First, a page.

Appropriate Generation Rate Constraint:
The Load frequency Control with Appropriate Generation Rate Constraint problem discussed so far does not consider the effect of the restrictions on the rate of change of power generation.
In power systems having steam plants, power generation can change only at a specified maximum rate. The Appropriate Generation Rate Constraint (from safety considerations of the equipment) for reheat units is quit low. Most of the reheat units have a generation rate around 3%/min. Some have a generation rate between 5 to 10%/min If these constraints are not considered, system is likely to chase large momentary disturbances. This results in undue wear and tear of the controller.
Several methods have been proposed to consider the effect of GRCs for the design of automatic generation controllers. When GRC is considered, the system dynamic model becomes non-linear and linear control techniques cannot be applied for the optimization of the controller setting.
If the Appropriate Generation Rate Constraint rates denoted by PGi are included in the state vector, the system order will be altered. Instead of augmenting them, while solving the state equations, it may be verified at each step if the GRCs are violated.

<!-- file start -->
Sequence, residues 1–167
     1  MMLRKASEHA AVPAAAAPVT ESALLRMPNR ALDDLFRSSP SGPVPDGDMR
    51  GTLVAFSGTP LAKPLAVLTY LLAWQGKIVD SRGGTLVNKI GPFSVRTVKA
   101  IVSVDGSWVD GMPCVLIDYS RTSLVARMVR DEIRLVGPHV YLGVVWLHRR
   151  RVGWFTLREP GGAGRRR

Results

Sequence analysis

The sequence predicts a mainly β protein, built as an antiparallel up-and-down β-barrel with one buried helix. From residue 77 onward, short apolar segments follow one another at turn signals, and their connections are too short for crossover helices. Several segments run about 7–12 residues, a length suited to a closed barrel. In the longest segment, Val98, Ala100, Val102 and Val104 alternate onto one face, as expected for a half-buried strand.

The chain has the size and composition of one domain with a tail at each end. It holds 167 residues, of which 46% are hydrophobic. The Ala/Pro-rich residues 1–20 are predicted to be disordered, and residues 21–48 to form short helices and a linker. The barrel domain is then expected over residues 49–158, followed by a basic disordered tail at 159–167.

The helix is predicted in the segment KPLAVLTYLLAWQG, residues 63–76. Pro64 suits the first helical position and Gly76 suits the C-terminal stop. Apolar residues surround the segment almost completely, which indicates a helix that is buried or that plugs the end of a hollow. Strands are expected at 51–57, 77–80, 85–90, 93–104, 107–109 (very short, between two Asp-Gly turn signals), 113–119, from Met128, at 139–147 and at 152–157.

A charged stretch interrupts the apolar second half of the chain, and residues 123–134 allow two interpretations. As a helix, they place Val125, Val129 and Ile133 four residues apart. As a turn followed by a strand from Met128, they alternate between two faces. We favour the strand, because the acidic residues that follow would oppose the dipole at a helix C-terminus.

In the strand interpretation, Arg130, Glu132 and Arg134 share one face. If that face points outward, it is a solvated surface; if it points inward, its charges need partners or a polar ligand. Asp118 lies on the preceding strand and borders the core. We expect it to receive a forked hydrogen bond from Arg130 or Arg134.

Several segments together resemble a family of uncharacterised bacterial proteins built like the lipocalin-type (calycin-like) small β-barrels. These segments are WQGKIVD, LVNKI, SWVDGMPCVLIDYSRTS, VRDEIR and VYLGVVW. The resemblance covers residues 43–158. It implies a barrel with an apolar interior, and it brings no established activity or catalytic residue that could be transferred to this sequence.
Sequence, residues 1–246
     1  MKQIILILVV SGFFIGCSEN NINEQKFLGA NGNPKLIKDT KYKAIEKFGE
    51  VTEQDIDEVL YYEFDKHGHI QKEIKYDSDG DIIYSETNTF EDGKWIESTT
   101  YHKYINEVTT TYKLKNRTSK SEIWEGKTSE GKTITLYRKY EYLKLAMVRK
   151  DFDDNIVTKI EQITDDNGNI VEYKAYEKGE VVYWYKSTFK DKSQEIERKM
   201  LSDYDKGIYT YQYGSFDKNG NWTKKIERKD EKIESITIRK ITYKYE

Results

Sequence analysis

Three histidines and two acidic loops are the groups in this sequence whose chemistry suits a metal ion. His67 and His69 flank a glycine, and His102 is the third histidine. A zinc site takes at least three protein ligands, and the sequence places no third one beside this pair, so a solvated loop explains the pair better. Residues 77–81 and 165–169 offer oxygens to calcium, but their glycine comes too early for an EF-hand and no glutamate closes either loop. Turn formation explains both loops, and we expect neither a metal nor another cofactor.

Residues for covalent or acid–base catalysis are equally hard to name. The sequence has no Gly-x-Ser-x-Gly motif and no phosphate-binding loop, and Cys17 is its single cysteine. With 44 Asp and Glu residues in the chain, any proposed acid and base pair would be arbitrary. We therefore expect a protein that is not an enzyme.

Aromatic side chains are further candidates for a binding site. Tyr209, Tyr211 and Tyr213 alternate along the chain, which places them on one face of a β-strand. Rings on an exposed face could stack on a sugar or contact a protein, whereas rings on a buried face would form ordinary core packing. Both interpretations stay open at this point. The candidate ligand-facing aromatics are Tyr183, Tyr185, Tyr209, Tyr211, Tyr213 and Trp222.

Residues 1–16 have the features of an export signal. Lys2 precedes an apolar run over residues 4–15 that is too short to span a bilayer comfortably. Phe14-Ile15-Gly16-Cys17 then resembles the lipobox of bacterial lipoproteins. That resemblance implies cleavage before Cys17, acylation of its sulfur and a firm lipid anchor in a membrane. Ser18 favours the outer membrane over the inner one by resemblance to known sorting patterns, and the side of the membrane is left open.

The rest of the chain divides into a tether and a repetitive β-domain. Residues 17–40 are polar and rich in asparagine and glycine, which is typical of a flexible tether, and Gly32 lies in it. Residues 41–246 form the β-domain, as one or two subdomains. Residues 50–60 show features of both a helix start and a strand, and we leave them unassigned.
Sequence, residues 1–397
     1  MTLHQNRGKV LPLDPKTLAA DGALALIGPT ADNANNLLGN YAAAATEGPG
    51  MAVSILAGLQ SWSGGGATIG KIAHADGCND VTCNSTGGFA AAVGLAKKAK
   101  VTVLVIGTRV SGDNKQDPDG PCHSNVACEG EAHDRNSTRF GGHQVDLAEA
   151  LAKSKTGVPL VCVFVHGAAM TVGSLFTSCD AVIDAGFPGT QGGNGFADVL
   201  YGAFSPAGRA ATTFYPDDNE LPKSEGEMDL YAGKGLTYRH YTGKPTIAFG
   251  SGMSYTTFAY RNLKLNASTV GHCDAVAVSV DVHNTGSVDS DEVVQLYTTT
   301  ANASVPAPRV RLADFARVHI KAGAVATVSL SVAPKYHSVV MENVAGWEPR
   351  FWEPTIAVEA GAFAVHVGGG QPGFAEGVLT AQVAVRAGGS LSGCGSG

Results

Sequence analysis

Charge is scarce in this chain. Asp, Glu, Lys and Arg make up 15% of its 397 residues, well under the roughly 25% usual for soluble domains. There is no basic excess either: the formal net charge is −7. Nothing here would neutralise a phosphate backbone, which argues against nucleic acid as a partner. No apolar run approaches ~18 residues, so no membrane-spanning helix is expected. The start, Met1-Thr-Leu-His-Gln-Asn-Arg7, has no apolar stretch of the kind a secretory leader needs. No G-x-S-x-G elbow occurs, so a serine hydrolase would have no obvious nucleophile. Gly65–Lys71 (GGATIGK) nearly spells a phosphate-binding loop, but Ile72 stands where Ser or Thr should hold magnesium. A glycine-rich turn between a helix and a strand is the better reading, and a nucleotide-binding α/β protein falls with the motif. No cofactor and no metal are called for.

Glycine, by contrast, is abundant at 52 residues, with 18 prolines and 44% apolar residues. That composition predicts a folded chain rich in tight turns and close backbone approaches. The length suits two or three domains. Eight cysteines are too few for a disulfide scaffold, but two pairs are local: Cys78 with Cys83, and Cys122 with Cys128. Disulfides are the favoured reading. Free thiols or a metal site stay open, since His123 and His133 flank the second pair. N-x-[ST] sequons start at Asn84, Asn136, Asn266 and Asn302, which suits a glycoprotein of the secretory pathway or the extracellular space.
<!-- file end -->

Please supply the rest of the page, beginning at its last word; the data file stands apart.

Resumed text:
Another way of considering GRCs for both areas is to add limiters to the governors as shown in Fig. 8.22, i.e., the maximum rate of valve opening or closing speed is restricted by the limiters. Here Tsg gmax is the power rate limit imposed by valve or gate control. In this model
The banded values imposed by the limiters are selected to restrict the generation rate by 10% per minute.
The GRCs result in larger deviations in ACEs as the rate at which generation can change in the area is constrained by the limits imposed. Therefore, the duration for which the power needs to be imported increases considerably as compared to the case where generation rate is not constrained. With GRCs, R should be selected with care so as to give the best dynamic response.